B.K.MEHTA, J. -
(1.) THE petitioner herein by this petition under Art. 226 of the Constitution of India, challenges the
notice issued by the respondent purporting to act under S. 179(1) and (3) of the IT Act, 1961, of
10th Dec., 1973, calling upon the petitioner to show cause why the petitioner should not be treated as successor to the business of M/s Kalyanji Dhanji & Co. of Mandvi within the district of Kutch. A
few facts need be referred to in order to appreciate as to how the petitioner is entitled to challenge
the impugned notice at the initial stage when he has been called upon to show cause merely
against the proposed action of the respondent for treating him as a successor to the firm of M/s
Kalyanji Dhanji & Co.
(2.) THE said firm was a partnership firm consisting of three partners, viz., (1) Kalyanji Dhanji Shah, (2) Vishanji Kalyanji Shah and (3) Hemchand Kalyanji Shah. The said firm had agency business
from the most leading and reputed companies of national and international importance. The firm
had agencies in cement, automobiles, automobile spare parts, cigarettes, hydrogenated oil,
confectionery, iron, batteries, etc. The firm had a large turnover of as much as about Rs.
1,00,00,000 (Rs. one crore) in Kutch. The said firm was holding the agencies from the following companies :
1. M/s Jhonson and Company. 2. Western India Match Company, Bombay. 3. Premier Automobiles, Bombay. 4. Cement Marketing Company, Bombay. 5. Hindustan Lever Ltd., Bombay. 6. Imperial Tobacco Co., Ahmedabad. 7. Imperial Chemical Industries, Bombay. 8. M/s Perry Company, Bombay. 9. Good Year Tyre and Rubber Co., Bombay. 10. Firestone Rubber Co., Bombay. 11. Vulcan Trading Co., Bombay. 12. Shalimar Biscuit Co., Bombay. 13. Asbestos Cement Co., Bombay. 14. Caltex India Co., Bombay. 15. F. Taxik and Co., Bombay. 16 National Carbon Co., Bombay.
The said firm was assessed on the best judgment assessment for asst. yrs. 1959 60 to 1961 62
and income for each year was estimated at Rs. 4,00,000. It appears that for the asst. year 1962 63,
the income assessed was Rs. 20,000 on the best judgment assessment on the basis of the
turnover of Rs. 5,00,000. The partners of the said firm failed to satisfy their income tax liabilities
with the result that they were adjudged insolvent by the competent Court and they were ultimately
granted discharge. Surprisingly, however, without disclosing even broadly his belief that the
petitioner was the successor to the business of the said firm, the impugned notice was issued.
The petitioner, by his letter of 20th Dec., 1973, inquired from the respondent as to the basis and the date on the file of the respondent for the proposed action to treat the petitioner as the
successor of the said firm. He also prayed for supplying him with the true copies of all such records
and papers for submitting his reply to the show cause notice. By reply dt. 28th Dec., 1973, the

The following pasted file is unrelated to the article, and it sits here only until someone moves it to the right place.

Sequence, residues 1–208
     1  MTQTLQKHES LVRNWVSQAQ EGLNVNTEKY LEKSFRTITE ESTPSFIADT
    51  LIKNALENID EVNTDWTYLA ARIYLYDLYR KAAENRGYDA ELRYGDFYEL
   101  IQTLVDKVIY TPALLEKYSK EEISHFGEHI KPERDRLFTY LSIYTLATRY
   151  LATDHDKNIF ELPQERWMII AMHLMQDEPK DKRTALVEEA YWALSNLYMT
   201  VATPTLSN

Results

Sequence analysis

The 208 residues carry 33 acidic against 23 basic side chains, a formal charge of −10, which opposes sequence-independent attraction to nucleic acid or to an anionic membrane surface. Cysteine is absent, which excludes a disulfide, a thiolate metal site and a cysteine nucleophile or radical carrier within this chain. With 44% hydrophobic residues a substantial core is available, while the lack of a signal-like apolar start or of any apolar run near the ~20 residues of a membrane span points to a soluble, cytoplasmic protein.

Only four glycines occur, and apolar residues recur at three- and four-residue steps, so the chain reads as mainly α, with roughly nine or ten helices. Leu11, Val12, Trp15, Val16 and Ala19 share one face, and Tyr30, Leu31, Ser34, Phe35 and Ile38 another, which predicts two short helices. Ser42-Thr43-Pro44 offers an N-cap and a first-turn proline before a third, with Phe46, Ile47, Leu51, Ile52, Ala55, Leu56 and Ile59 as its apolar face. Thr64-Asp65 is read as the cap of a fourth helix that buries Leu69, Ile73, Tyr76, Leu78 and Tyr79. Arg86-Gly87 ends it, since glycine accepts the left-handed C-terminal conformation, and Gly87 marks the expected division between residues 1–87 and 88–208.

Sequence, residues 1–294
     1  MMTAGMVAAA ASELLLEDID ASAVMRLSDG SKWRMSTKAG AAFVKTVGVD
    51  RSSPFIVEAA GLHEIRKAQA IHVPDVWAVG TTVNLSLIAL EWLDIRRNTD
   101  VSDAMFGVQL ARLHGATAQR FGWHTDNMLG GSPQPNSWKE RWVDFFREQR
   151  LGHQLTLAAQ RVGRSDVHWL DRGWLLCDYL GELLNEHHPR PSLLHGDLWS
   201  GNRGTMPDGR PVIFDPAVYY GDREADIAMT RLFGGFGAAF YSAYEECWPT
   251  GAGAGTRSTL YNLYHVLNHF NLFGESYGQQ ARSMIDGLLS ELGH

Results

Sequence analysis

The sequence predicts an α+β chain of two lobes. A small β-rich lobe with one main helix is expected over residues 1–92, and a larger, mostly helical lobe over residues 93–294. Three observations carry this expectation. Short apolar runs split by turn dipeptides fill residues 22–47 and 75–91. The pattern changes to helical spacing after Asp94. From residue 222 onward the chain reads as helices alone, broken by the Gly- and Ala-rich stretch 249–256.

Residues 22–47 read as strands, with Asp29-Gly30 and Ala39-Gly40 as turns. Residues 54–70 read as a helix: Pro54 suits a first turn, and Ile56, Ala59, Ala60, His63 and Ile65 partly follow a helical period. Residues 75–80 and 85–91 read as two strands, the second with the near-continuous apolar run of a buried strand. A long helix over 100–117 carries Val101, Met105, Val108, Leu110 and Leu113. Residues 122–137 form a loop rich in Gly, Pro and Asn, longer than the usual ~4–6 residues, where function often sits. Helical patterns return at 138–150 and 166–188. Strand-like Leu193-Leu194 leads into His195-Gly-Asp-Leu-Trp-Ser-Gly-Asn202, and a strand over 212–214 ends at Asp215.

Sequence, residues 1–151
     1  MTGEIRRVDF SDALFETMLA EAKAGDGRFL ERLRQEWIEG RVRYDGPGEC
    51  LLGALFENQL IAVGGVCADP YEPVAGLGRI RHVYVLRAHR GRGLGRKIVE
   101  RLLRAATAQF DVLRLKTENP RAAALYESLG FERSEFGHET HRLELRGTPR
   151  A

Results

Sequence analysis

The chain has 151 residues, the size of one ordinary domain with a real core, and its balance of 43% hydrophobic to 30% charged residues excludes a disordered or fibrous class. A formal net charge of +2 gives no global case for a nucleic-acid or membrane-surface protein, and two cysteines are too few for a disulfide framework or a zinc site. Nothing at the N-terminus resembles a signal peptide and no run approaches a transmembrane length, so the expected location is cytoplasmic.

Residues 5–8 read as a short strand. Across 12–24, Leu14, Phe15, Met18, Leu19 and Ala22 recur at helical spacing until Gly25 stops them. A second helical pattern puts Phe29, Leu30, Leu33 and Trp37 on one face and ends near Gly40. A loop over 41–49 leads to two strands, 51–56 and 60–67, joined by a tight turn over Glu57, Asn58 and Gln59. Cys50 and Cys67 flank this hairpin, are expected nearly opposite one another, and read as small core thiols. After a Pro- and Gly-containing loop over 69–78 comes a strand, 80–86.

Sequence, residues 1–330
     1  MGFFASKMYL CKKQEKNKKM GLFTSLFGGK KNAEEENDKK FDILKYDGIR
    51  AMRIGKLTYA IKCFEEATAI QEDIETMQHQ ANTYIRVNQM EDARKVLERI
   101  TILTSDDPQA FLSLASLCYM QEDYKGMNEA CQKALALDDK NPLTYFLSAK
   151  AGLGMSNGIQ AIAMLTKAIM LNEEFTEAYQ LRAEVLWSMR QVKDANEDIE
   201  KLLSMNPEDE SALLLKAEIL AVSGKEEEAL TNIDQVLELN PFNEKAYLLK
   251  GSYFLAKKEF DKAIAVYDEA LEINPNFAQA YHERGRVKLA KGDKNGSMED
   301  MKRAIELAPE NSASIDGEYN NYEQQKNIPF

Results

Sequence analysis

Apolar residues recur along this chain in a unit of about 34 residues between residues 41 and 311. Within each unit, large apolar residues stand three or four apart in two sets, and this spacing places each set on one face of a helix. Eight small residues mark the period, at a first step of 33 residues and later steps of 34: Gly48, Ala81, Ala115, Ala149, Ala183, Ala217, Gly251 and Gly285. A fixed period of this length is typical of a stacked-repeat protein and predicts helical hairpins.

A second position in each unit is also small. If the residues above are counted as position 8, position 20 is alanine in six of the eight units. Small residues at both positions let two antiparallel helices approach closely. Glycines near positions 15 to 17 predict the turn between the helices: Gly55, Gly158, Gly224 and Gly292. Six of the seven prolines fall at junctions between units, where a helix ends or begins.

petitioner was informed that the petitioner's advocate, Shri Vora, attended before the respondent
and had discussed with him on 24th Dec., 1973, and he was apprised of the two circumstances
which induced the belief that the petitioner was the successor to the business of the said firm.
Those two circumstances were stated in the said reply of 28th Dec., 1973. They are : (1) the
agreement dt. 5th Nov., 1960, between the Associated Cement Company on the one hand and Shri
Premji Khimraj Shah (the petitioner) and Smt. Vasantiben J. Lalan on the other, and (2) taking
over of the goods dealt with by the said firm. The petitioner was, therefore, called upon to show
cause why he should not be treated as a successor and the hearing was fixed on 7th Jan., 1974,
for that purpose.
(3.) THE petitioner thereupon again requested the respondent by his letter of 4th Jan., 1974, that he may be furnished specific information which the Department had, if any, so as to make his reply to
the impugned notice. The petitioner also contended in the said letter that the ITO has no
jurisdiction or authority to initiate proceedings under S. 170(3) of the IT Act, 1961, since there was
no basis whatsoever for treating the petitioner as successor to the said firm. By letter dt. 8th Jan.,
1974, of his advocate, the petitioner requested the respondent to furnish him with information and record, namely, (1) relevant assessment orders of the firm, (2) amount of tax in arrears due from
the said firm, (3) period for which the petitioner was to be treated as successor to the firm, (4)
deed of dissolution of the firm, (5) particulars of the business alleged to be succeeded by the
petitioner, and (6) copies of the assessment order of the petitioner. The respondent by his letter of
11th Jan., 1974, informed the petitioner that copies of the assessment orders of the firm could not be furnished since they related to third party, and that the petitioner need not be furnished with
the deed of dissolution of the firm for the same reason. As regards the particulars of the business,
the respondent stated that these were very much within the knowledge of the petitioner. The
respondent gave particulars about the tax in arrears as required by the petitioner. At this stage,
the petitioner has moved this Court for appropriate writ, order or direction to quash and set aside
the impugned notice and to prevent the respondent from proceeding further in pursuance thereof.;